Lori Shafinia v. Christian (Platte)

January 10th, 2013

State Tax Commission of Missouri

LORI SHAFINIA,                                                                          )


Complainant,                                )


v.                                                                                        ) Appeal No. 12-79011



DAVID CHRISTIAN, ASSESSOR,                                          )

PLATTE COUNTY, MISSOURI,                                             )






Decision of the Platte County Board of Equalization setting value at $97,500 (assessed value $18,523) is AFFIRMED.Hearing Officer finds Complainant did not rebut the presumption of correct assessment by the Board.

Complainant appeared pro se.Complainant’s appraiser was Marlon Byers.

Respondent appeared pro se.Respondent’s appraiser was Annette J. Salsbury.

Case heard and decided by Senior Hearing Officer Luann Johnson.


The Commission takes this appeal to determine the true value in money for the subject property on January 1, 2012.


Complainant appeals, on the ground of overvaluation.The assessor originally valued this property at $115,362 (assessed value $21,918).The Board of Equalization reduced value to $97,500 ($18,523).Complainant asserts a value of $71,000 ($13,490).Respondent presented an appraisal report requesting a raise order to $105,000 ($19,950).But, Respondent’s appraiser testified that she might have overstated the lot value.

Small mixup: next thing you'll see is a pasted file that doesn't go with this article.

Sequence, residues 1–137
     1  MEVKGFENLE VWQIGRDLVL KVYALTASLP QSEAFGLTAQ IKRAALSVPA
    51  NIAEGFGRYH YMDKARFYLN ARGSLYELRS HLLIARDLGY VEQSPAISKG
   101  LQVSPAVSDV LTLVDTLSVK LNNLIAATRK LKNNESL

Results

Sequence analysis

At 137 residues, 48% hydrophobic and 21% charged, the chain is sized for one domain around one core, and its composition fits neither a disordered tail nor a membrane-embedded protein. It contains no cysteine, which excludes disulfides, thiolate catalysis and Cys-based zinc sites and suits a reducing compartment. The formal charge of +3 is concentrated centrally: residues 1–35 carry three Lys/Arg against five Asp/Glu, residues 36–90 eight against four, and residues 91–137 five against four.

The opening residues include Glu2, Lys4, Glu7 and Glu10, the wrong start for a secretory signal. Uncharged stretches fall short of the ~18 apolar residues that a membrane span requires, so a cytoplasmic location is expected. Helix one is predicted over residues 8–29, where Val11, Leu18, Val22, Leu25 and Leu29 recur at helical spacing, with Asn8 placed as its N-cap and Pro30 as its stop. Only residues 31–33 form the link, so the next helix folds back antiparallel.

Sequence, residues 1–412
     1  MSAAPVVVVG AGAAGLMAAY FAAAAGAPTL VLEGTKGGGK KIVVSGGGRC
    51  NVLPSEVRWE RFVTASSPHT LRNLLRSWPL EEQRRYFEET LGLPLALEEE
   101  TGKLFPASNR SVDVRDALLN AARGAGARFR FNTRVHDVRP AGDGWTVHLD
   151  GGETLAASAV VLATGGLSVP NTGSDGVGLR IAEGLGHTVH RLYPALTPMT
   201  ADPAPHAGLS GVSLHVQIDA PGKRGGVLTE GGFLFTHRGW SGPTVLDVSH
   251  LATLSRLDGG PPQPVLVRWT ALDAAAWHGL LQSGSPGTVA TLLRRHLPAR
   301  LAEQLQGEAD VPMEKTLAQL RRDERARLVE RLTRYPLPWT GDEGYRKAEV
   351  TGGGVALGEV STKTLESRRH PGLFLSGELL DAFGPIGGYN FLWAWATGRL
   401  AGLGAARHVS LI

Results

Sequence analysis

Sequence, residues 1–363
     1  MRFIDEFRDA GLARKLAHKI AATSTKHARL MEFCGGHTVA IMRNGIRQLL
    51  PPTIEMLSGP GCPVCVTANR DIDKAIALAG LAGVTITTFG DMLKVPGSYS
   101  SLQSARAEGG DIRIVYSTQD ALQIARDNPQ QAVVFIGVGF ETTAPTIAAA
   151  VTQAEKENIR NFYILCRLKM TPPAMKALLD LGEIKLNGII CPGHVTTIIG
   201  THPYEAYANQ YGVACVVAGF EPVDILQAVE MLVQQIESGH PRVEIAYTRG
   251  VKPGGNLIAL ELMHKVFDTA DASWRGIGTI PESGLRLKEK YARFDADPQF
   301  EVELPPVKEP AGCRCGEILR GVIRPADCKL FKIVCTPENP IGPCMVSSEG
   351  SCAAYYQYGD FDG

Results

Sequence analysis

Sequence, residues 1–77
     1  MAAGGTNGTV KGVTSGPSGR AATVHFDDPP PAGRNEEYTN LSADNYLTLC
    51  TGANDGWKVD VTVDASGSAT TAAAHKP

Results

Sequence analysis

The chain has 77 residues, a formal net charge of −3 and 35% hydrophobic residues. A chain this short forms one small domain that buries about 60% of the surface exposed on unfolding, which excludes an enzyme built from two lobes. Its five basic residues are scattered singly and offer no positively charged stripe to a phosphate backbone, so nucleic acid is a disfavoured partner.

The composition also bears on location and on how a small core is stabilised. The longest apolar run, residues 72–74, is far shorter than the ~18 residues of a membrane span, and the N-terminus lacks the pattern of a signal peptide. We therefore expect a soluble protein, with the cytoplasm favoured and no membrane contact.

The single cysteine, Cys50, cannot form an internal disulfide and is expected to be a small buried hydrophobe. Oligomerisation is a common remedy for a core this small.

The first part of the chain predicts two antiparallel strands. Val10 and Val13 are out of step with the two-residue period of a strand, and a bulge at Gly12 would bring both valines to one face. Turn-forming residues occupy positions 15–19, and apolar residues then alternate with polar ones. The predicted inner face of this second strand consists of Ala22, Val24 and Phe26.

A hearing was conducted on Thursday, December 27, 2012, at the Platte County Administrative Building, Platte City, Missouri.The Hearing Officer, having considered all of the competent evidence upon the whole record, enters the following Decision and Order.

Complainant’s Evidence

Mr. Byers prepared a desktop appraisal[1] for the subject property.He used three sales of properties which he asserted to be in comparable condition to the subject property.The properties sold for $75,000, $71,000 and $81,000.From these three sales, he concluded a market value for the subject property of $71,000.Upon further questioning, it was determined that sales 1 and 2 were foreclosure sales and sale 3 was a short sale.Mr. Byers made no adjustments for these factors and made no sales analysis to determine if foreclosure sales represented market sales.

Respondent’s Evidence